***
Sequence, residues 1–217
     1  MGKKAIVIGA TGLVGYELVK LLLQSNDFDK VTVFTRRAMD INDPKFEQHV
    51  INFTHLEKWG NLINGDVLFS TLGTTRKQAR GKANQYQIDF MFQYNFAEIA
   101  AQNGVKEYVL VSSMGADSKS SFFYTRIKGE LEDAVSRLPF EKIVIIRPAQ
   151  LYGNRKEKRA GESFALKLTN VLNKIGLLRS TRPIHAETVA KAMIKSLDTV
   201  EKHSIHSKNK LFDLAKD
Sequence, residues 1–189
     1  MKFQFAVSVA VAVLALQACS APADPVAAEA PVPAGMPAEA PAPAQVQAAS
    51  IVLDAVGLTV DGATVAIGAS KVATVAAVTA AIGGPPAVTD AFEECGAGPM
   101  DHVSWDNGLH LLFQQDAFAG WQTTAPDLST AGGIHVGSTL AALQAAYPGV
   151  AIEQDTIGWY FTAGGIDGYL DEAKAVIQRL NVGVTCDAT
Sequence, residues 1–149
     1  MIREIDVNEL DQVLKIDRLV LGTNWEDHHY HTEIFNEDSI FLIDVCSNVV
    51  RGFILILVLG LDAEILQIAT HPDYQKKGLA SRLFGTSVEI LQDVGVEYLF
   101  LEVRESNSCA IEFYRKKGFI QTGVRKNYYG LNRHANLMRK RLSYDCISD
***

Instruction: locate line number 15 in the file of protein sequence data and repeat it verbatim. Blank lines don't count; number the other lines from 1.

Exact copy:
   101  LEVRESNSCA IEFYRKKGFI QTGVRKNYYG LNRHANLMRK RLSYDCISD